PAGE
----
Some readers may know I’ve just returned from bereavement leave in the “Crossroads of America” due to the death of my mother on November 10th.. Another new blog could be written about this, her life, the funeral (on her 90th birthday), the US Highway 41 trip down and back to bury her in rural Kentucky, the recent re-entry home to someone’s unexpected gall bladder surgery. And while moments lie ahead when he, whom I once poetically named “that specter grief,” will come to catch me unaware, to wash on me the missing and the loss, tonight I am thinking about “visits,” their types and taxonomy.
My mother had many visits in these recent months, and we naturally had some as we made funeral preparations. These visits have made me wonder if they happen more often or naturally in the Midwest and South than in the East , and to wonder what a real visit really is. It seems a “visit” is when people intentionally have a sit-down, slowed-down conversation with one another without any more distraction than maybe a television or radio playing softly in the background. Could it be that simple?
Is going out to eat with a friend a visit? What about going to a museum together, or a ballgame, or even speaking with a friend through the normal silence of the commuter rail? To me these don’t quite feel the same as someone sitting in your living room, or next to you in a hospital bed. Are there differences?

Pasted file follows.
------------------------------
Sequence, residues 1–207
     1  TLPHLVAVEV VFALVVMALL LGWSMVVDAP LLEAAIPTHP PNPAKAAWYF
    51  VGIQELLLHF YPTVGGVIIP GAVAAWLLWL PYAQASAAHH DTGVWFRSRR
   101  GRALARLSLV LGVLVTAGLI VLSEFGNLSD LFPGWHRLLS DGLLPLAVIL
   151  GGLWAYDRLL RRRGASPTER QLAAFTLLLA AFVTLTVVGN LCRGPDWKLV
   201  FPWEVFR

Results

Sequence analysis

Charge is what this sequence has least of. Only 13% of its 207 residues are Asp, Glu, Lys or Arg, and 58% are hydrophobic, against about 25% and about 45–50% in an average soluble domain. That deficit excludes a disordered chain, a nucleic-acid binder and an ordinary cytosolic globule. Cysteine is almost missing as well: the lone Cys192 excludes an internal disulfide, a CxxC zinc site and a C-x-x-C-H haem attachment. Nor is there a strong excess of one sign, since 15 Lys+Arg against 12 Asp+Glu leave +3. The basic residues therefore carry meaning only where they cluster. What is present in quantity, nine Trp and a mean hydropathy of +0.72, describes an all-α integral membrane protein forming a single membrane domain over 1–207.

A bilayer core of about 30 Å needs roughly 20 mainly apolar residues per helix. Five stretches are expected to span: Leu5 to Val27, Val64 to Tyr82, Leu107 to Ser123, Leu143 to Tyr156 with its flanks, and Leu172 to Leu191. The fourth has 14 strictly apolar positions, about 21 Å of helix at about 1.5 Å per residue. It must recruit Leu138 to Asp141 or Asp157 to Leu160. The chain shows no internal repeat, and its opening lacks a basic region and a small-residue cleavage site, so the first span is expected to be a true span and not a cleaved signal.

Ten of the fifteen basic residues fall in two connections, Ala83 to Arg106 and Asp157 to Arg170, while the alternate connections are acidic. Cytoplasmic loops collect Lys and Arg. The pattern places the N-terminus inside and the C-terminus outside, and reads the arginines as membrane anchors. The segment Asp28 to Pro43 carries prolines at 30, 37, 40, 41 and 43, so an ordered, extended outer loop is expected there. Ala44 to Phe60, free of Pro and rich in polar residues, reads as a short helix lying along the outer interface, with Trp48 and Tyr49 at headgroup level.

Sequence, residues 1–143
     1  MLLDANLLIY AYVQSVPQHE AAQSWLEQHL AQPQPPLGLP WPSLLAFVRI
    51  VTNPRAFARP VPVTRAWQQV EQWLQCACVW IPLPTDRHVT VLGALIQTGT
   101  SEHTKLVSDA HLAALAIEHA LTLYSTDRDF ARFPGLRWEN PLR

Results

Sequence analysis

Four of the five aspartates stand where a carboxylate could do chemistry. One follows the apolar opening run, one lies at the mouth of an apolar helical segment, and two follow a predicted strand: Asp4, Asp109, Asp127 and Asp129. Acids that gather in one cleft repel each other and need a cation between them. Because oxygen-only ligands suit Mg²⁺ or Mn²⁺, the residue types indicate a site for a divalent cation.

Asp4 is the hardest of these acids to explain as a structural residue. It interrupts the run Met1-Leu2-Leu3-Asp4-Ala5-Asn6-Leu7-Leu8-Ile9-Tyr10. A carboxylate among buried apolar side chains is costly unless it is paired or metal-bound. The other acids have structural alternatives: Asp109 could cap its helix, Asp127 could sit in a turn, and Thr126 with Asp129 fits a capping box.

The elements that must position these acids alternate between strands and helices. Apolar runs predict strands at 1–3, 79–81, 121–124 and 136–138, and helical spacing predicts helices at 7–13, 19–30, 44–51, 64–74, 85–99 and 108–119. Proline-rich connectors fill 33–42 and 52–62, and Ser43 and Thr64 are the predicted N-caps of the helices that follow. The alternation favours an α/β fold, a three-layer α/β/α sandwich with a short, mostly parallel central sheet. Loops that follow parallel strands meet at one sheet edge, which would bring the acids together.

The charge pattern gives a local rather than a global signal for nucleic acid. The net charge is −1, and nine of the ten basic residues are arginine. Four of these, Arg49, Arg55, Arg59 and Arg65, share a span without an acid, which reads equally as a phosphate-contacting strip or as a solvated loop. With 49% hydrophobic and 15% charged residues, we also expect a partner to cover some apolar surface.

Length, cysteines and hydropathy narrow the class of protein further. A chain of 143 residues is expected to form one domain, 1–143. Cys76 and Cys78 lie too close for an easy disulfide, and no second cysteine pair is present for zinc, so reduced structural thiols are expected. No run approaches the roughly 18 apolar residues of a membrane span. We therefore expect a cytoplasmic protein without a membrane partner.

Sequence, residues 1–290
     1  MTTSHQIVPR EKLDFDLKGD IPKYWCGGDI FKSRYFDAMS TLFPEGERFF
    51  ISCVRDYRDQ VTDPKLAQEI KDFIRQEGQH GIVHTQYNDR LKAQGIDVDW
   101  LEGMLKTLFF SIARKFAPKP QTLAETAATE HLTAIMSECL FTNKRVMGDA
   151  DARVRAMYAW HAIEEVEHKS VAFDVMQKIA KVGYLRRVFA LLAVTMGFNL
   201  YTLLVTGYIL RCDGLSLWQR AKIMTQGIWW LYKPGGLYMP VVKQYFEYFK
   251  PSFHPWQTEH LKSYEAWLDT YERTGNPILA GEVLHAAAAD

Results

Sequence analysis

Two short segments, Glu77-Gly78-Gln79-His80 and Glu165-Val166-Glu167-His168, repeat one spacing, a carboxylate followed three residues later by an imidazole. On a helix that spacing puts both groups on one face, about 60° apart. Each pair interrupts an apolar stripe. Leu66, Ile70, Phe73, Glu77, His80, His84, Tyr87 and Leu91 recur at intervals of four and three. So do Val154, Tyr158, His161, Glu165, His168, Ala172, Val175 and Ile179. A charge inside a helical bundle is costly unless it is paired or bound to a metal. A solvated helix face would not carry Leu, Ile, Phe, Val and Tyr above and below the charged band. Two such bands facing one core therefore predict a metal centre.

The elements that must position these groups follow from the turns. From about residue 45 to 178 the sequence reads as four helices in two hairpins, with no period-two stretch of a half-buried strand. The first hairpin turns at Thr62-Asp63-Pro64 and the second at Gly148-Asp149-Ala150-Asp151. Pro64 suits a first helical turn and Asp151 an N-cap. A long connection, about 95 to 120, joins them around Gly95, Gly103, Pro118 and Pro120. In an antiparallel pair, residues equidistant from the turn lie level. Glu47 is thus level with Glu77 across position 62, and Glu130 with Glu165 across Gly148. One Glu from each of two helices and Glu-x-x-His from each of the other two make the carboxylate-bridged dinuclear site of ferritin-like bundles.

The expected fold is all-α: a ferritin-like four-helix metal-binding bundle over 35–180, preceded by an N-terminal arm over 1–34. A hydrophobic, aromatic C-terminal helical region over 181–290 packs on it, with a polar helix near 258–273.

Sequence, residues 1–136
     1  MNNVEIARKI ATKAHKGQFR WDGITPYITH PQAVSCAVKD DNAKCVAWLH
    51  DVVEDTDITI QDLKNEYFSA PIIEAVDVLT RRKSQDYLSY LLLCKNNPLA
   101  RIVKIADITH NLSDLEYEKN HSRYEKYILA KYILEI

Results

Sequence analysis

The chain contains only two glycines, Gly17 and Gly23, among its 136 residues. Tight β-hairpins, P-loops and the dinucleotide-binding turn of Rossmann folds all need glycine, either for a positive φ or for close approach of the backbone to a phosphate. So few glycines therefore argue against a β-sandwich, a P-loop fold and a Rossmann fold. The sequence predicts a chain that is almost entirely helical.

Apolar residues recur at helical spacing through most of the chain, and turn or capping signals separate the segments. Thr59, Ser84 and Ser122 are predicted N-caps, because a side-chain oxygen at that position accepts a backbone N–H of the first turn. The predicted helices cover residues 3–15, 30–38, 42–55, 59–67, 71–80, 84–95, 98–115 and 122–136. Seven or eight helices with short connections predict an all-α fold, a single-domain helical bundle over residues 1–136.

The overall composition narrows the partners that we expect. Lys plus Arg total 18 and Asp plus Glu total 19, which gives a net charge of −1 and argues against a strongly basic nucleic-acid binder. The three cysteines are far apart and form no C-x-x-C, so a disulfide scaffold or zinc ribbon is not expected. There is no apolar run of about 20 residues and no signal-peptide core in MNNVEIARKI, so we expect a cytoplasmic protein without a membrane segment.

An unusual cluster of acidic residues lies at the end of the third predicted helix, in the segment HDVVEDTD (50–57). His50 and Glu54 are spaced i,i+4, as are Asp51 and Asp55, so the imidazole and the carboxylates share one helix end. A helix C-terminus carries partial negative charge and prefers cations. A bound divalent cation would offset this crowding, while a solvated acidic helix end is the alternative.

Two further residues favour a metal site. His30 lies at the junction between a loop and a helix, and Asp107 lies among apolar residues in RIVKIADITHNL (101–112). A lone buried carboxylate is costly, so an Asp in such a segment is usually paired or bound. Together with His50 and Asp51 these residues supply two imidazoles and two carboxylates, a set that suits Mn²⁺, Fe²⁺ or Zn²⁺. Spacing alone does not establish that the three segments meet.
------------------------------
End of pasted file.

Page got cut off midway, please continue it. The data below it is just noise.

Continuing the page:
We know we visit over the phone or in-person..or even over Skype. Visits might be lunch time check-ins or an evening shared. There might be a lot or a little conversation, but whatever the case, it is easy. Sometimes visits are planned and other times they are spontaneous. Food might arrive or depart with the visitor or visit-ee; photos might be shared. During our childhood a family of cousins came over for Friday night visits. While the adults talked over coffee, we created made-up games (eg walking in coffee cans around living room “island” closet stand, complete with first aid station.) My farming grandparents had people “up to the house” to visit on the front porch if it was too hot for croquet. In short, I’m back to where I began, thinking of a visit, a gift we give each other.
Now that Thanksgiving is upon us, I hope that if you make a visit you travel safely, be it across town or country. And may your visit be a good one!